From late Spring to Summer the dormouse feeds on flowers, buds and shoots. Later in the year, dormice eat hazel and beech nuts and seeds , and build up reserves of body fat to last them through hibernation. Dormice hibernate for up to 6 months in a nest of woven grass and stalks which is often located in a pile of dead leaves. When ambient temperature reaches a certain level, the dormouse body temperature rises and the animal arouses. The immediate task for the dormouse is to start to feed.
As with all reptiles, grass snakes cannot control their body temperature by physiological means. The lack of sunshine in winter means they cannot warm themselves. Grass snakes hibernate in frost-free places, such as tangled tree roots and deep leaf litter.
In Autumn common toads start to migrate to their breeding ponds and when they find empty burrows or deep litter on their way, they settle there to hibernate. It is important that the hibernation site has sufficient cover to protect the toad from freezing as toads cannot control their body temperature physiologically. Toads emerge from hibernation when the weather warms in Spring from March to April and continue on to their breeding pools.
Pipistrelle bats feed on flying insects which are scarce in winter. The bats hibernate in humid hibernacula including church roofs,, tunnels, cavity walls and tree holes from October -April. Bats hang upside down from the ceiling of the hibernaculum, gripping tightly with their clawed feet. The bats' body temperature is similar to the air temperature. Pipistrelle bats arouse during warmer spells to feed in order to top up their winter fat reserves.
iSpot observations from Winter
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Winter is a relatively quiet time for wildlife but, there are active animals about, and a few plants in flower, for example snowdrops and winter aconites. Rats, mice, shrews, foxes badgers and deer remain active in winter. Roe, fallow and red deer continue to graze in winter although sharp frosts and snow can disrupt feeding as grass and other plants are frozen and may be buried under snow.
So there's still plenty of opportunities to observe animals, plants, and lichens throughout this season. Do record your sightings of winter wildlife for the iSpot website so that together we can build a picture of life in the winter months.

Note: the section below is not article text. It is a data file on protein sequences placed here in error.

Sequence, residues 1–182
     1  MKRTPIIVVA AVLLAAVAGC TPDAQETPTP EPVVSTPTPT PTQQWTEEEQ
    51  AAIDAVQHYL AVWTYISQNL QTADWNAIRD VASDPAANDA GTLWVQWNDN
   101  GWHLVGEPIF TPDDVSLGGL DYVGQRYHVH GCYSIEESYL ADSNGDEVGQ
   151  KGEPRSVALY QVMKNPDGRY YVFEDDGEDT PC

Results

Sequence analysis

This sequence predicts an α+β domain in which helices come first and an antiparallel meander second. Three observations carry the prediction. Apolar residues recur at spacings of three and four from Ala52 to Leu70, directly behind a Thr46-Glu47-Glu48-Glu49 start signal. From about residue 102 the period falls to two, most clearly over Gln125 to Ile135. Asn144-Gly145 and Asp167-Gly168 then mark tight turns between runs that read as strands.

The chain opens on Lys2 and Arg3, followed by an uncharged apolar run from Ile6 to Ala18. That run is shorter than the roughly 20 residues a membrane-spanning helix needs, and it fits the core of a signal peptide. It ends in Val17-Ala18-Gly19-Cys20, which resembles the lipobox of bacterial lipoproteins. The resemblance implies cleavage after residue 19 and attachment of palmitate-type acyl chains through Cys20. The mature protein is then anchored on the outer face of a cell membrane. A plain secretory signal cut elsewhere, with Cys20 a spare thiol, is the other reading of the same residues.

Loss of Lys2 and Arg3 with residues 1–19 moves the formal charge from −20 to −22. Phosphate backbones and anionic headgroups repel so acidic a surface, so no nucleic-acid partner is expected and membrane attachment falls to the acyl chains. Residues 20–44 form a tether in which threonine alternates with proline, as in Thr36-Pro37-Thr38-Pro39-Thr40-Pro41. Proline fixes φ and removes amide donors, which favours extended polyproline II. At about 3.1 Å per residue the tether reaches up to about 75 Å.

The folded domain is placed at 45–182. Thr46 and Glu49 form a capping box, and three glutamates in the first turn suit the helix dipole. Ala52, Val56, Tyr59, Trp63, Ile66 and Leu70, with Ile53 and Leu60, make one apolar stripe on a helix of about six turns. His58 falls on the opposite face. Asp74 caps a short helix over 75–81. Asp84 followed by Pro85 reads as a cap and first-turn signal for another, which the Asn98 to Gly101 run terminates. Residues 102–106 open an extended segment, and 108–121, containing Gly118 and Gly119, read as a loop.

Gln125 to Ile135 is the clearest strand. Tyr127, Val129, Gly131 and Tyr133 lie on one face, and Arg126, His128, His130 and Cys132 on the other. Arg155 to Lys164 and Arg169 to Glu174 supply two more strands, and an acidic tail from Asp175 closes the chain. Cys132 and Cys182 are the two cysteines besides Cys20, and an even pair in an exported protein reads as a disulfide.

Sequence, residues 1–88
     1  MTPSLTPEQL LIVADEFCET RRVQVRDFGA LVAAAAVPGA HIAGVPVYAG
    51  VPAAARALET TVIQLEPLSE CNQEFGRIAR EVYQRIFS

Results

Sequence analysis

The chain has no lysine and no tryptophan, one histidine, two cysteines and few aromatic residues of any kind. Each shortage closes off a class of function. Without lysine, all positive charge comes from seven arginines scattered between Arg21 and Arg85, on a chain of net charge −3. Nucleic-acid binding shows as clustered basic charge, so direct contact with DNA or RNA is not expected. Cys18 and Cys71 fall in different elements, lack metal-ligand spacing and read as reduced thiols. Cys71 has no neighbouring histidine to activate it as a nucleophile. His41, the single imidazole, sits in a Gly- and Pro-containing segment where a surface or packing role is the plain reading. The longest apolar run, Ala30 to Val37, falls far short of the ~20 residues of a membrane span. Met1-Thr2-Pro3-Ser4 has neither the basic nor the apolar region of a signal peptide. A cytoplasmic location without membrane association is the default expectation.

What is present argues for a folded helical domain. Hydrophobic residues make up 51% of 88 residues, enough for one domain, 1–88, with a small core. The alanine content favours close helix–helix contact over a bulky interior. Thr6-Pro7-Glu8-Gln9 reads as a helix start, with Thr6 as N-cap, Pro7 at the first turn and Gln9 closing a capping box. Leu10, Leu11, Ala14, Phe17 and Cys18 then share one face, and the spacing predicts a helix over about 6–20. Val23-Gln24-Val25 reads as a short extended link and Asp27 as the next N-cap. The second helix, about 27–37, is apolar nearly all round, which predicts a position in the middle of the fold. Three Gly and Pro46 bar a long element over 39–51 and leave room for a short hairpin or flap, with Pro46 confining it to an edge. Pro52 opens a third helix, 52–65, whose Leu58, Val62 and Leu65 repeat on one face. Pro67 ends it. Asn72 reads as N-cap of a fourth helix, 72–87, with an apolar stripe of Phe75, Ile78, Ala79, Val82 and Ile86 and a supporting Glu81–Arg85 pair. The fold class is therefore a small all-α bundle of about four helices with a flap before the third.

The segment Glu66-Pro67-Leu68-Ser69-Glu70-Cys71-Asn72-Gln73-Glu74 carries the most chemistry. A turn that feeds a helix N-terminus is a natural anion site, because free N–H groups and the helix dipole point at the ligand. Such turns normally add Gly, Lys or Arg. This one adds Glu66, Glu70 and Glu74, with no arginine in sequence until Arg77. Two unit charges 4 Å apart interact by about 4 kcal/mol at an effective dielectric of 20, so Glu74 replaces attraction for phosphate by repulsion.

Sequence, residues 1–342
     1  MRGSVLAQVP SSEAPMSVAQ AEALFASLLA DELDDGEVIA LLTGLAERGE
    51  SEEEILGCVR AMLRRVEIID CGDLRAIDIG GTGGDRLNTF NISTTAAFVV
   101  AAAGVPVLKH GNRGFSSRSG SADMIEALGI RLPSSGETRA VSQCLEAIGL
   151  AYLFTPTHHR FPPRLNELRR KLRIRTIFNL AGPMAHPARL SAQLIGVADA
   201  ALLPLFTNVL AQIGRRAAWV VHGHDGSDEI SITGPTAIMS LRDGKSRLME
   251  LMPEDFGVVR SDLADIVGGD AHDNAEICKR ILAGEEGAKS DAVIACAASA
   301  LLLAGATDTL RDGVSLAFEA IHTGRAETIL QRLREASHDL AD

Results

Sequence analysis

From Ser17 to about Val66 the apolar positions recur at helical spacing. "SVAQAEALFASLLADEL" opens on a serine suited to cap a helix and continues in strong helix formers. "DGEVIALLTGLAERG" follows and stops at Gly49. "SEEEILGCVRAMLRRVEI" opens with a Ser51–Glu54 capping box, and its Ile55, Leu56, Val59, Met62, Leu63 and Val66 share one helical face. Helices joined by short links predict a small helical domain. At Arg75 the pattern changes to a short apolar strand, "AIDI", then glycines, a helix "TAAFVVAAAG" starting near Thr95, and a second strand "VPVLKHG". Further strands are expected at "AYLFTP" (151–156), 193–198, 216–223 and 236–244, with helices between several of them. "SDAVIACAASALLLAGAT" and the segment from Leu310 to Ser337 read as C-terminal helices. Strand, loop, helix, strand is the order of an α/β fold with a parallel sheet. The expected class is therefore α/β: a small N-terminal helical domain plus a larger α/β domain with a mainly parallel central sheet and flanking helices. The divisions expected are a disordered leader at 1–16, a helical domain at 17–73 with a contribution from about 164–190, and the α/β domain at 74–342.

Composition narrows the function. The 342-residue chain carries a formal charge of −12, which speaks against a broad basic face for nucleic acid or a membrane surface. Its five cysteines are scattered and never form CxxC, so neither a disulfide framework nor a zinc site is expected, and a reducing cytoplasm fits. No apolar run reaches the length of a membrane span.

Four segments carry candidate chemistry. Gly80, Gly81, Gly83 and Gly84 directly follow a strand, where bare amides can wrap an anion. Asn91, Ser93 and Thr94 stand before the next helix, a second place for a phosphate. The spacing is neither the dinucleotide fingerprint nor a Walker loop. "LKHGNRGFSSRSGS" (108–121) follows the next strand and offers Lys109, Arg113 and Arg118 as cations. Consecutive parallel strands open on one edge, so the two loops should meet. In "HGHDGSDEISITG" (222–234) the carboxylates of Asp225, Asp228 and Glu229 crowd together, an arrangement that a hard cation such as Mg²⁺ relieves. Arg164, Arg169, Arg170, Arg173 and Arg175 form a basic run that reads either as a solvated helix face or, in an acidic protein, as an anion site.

Avoid the winter: Migration
Those birds that feed on insects only, migrate south to warmer areas where insects are likely to be available. Cuckoos, swallows, swifts, nightingales and many other species, migrate to Africa where insects are abundant. Ringing studies and more recently, tiny geolocators attached to individual birds are revealing their migratory routes, stopovers and destinations. These studies are important for conservation, as they show where migratory birds feed en route and where they overwinter. Large flocks of birds migrate to the UK in winter to feed on grains, berries and provided food. You may be surprised to know that many thrushes, blackbirds, redwings, fieldfares and waxwings that you see in severe winters have migrated from Scandinavia. These birds compete with the resident birds for food, and they tend to fly in flocks, and can strip a tree of berries in a short time.
Whooper swans breed in Iceland and Greenland in Summer, but from Autumn, their food supply diminishes. Adults and juveniles migrate to the UK from mid-September, and overwinter in estuaries in Ireland, Scotland and England. Their 12000 mile migration includes a 700 mile flight over the North Atlantic ocean. The swans find plentiful food in UK wetlands and at some sites they feed on waste sugar beet crops and potatoes left over from harvest.
One of the populations of pink-footed geese from Iceland, Greenland and Spitzbergen migrate to the UK as winter sets in. They fly in large groups and call loudly. About 360 000 pink-footed geese arrive in October and settle on estuaries, including the Ribble, Solway, the Wash, and the East coast of Scotland. During the day, the birds fly to farmland, where they feed on grass, grain sugar beet and waste potatoes left in fields.